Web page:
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"On my part, I remain committed to the process of dialogue. It is my firm belief that dialogue and a willingness to look with honesty and clarity at the reality of Tibet can lead us to a viable solution."

Tibetan exiles in Nepal mark Olympics close with anti-China rally

August 26, 2008

August 24, 2008

KATMANDU, Nepal -- About 2,000 Tibetan exiles, including children,
monks and nuns, joined a protest rally in Katmandu on Sunday, hours
before the closing ceremony of the Olympics in Beijing.

Maroon-robed monks and nuns with shaven heads, some with Tibetan
flags and placards calling for independence, were among the
participants who walked silently for eight kilometers, or five miles
on the outskirts of the Nepali capital.

Also Sunday, in Dharamsala in northern India, home of the Tibetan
spiritual leader the Dalai Lama, hundreds of Tibetan youths marched,
vowing to keep alive their "Free Tibet" campaign even after the Olympics.

Monks and nuns walked alongside ordinary Tibetans, shouting "Free
Tibet" and "We want justice."

In Katmandu, the police kept a strict vigil and snatched some flags,
but they let the march continue from the Boudha suburb to the ancient
monastery of Swyambhu outside the main city.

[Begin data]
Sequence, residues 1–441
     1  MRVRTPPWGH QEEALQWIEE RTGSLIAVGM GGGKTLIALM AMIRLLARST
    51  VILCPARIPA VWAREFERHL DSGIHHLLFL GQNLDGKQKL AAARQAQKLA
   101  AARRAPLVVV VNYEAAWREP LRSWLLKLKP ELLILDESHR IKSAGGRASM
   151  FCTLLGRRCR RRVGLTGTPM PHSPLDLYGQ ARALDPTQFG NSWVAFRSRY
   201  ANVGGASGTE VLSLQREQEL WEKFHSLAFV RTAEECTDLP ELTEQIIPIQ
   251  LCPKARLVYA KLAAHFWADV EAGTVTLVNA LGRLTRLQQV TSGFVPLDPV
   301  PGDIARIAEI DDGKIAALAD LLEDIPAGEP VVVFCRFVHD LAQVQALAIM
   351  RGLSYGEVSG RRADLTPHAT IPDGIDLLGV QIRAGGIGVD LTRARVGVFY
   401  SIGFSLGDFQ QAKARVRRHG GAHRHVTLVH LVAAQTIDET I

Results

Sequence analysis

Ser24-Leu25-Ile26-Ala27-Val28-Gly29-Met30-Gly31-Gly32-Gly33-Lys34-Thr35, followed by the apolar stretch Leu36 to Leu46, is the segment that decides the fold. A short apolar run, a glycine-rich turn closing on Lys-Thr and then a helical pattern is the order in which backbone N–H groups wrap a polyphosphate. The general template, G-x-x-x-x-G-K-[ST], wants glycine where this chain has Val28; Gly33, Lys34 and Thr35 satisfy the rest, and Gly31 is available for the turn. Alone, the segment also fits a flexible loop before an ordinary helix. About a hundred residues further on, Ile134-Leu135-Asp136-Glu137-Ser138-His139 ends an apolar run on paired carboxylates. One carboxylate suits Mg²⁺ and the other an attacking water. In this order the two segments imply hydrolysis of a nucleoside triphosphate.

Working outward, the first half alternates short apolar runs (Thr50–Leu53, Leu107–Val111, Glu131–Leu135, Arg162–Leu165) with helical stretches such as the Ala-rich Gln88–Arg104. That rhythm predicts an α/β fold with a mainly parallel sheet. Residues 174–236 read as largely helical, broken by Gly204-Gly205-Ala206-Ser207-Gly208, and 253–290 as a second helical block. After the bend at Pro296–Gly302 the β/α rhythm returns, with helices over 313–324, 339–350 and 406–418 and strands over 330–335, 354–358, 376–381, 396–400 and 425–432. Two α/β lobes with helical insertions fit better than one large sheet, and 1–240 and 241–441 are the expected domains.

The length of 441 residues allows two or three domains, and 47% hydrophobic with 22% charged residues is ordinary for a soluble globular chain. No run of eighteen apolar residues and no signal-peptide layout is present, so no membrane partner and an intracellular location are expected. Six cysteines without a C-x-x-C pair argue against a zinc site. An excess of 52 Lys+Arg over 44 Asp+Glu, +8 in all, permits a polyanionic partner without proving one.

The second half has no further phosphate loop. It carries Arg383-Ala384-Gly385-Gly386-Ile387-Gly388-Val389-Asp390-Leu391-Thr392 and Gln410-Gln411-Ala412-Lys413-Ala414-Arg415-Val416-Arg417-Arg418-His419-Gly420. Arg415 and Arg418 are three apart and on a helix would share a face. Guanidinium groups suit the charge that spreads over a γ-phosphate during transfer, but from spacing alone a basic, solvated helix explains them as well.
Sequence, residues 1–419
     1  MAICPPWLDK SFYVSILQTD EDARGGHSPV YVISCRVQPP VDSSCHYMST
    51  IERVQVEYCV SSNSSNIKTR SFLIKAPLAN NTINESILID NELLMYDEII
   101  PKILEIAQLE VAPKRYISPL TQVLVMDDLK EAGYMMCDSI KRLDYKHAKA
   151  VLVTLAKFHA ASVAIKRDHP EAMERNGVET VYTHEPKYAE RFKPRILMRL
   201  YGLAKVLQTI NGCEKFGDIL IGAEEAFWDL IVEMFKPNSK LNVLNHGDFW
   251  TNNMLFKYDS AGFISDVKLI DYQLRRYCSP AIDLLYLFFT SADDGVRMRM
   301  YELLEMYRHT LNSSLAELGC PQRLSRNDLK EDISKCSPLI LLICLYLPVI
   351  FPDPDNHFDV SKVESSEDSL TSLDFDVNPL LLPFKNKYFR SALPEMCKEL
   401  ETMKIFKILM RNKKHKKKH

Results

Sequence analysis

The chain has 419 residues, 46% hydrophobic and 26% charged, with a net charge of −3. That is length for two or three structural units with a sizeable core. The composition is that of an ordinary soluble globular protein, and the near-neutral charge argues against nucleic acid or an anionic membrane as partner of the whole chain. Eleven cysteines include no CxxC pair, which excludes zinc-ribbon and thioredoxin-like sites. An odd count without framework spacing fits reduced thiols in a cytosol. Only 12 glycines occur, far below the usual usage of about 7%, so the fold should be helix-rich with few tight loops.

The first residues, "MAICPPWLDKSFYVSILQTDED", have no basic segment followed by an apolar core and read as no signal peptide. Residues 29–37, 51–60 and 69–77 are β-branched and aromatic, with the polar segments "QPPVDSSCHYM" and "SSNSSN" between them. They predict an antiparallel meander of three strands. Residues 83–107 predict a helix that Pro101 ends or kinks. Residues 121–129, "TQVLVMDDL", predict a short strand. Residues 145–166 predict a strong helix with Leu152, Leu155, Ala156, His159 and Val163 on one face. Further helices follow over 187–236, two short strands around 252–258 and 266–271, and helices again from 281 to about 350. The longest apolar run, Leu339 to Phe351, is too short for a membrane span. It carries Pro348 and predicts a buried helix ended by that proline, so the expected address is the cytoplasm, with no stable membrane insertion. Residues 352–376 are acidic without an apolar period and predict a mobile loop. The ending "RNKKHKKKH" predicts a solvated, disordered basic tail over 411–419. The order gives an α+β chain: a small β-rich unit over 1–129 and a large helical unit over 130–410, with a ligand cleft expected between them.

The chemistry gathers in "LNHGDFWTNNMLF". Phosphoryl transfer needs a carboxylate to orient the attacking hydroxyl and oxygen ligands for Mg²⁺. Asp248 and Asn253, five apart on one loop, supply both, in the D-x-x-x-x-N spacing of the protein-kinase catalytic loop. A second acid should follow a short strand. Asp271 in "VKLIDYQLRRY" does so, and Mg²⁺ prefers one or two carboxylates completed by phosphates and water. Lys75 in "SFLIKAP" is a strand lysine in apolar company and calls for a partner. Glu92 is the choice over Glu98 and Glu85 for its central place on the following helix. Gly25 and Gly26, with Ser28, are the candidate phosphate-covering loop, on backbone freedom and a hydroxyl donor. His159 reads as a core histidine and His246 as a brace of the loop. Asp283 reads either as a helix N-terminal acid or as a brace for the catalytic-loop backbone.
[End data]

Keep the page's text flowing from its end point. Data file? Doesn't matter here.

Exiles called for fact-finding missions from the United Nations and
other organizations to "assess the actual situation in Tibet and let
the world know the truth."

More than 20,000 Tibetans live in Nepal, the second biggest home for
them outside Tibet after India, having fled there after a failed
uprising against Chinese rule in 1959.

Nepal, which considers Tibet part of China, which is an aid donor and
trade partner for Tibet, says the exiles can stay in the impoverished
nation but cannot organize any activities against its influential neighbor.

The refugees have managed to protest, however, and have tried to
storm the Chinese consular office in Katmandu regularly since a
crackdown on anti-China riots in Tibet in March.

About 10,000 refugees have been arrested in the past five months, but
later freed.

Human Rights Watch, based in New York, said last month that the
Nepali authorities were under pressure from Beijing to stop Tibetan
protests, a charge China denied.

Nepal's new Maoist prime minister, Prachanda, also known as Pushpa
Kamal Dahal, was in Beijing to attend the closing of the Olympics,
and was to meet President Hu Jintao of China and other leaders and
discuss Nepal-China relations.
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